Tuesday, September 15, 2009

A Genius in the Making

This blog post first appeared at UrbanMamas

A Genius in the Making

There isn't a single UrbanMama (or UrbanPapa) who doesn't gaze down into their child's eyes and see a genius. That sparkle, that twinkle, that infectious giggle surely is just a front for a brain that is working its way toward a great future. And you promise yourself you will do everything you can to get this wonderful child there.
But how?

Scientific American reported that you may be trying too hard. In an article that appeared several years back, they suggested that "Many people assume that superior intelligence or ability is a key to success. But more than three decades of research shows that an overemphasis on intellect or talent—and the implication that such traits are innate and fixed—leaves people vulnerable to failure, fearful of challenges and unmotivated to learn."
Motivating a youngster to learn is done through play, through art, through song and dance. It is done while they aren't paying attention to the process. It is done by allowing them to be, first and foremost, kids.

Kids who learn with a soft structure often learn about abilities and talents they didn't know they had. "Praising children’s innate abilities," SA suggests "reinforces this mind-set, which can also prevent young athletes or people in the workforce and even marriages from living up to their potential." Interaction with children younger is beneficial as well.

Of the two views of intelligence the magazine reported on, my program has always leaned toward the development of a "mastery-oriented" child, done by encouraging them to try new things. Simple things like working with clay, dancing, trying their hand at cooking, or something as simple as finding out what makes them laugh. We work in our organic garden, play in the snow, and sharing their show-and-tell. Rather than developing a "fixed mind-set” which leads to "[m]istakes [that] crack their self-confidence because they attribute errors to a lack of ability, which they feel powerless to change", I look towards flexibility.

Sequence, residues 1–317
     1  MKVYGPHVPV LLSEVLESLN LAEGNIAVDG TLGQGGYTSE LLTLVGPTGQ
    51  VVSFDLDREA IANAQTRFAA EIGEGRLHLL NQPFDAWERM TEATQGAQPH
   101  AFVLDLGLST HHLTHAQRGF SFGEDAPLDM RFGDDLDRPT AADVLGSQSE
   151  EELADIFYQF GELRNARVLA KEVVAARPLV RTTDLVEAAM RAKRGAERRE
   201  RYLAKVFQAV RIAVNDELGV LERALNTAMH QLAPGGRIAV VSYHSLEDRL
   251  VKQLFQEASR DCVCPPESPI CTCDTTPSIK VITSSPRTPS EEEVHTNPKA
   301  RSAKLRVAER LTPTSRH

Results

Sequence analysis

Instead I like to offer your child a chance to develop the kind of intelligence that "is malleable". While offering what many of the other fine daycares listed here provide, I will take your child on a growing journey, allowing them to develop in a soft structured way that suits them best.

Bonni Petillo
Bonni's Funtastic Daycare

Tuesday, September 8, 2009

What to do with $450

This post first appeared at Urbanmamas.com

The other day, as I perused one of the local free papers, I came across an ad for daycare. A new center had just opened and the fee for their services were $450 more than the tuition I charge. Ironically, they were offering many of the same things I was offering parents - except I offer a small family (no more than six children) in-home, (close to downtown in the NE) daycare situation and have been doing it for quite some time (over 22 years of caring for kids like yours).

The similarities are few: they have several openings (I have two) and they want girls (which would be great for my situation as well since I have one girl and three boys - although in the big scheme of things, this makes little difference at this age). The two spots I have open are both full time and with good reason: this is as much as school as the older kids attend, with scheduled activities and learning albeit in a soft structured setting. Full-time, just like big kid's school is as much to train your child as it is to train you.

The biggest difference between this "center" and me is the savings (the difference what I charge and what they charge) of $450 a month. Think how much college money that could provide in your child's 529 plan. Over the course of their time with me, that $450 saved dollars per month would take your family on several very nice vacations, buy hundreds of gallons of gas, thousands of pieces of fruit at the farmer's market, and tens of thousands of gallons of milk.

I encourage you to think about what you are getting in a daycare situation. Lots of money doesn't buy better care. Good care, such as what I provide is invaluable in the formation of your child, their well-being and their leap into school one day.
Check out my site and send me an email with any questions.

I look forward to hearing from you smart shoppers with smart kids.

Bonni Petillo
Bonni's Funtastic Daycare.com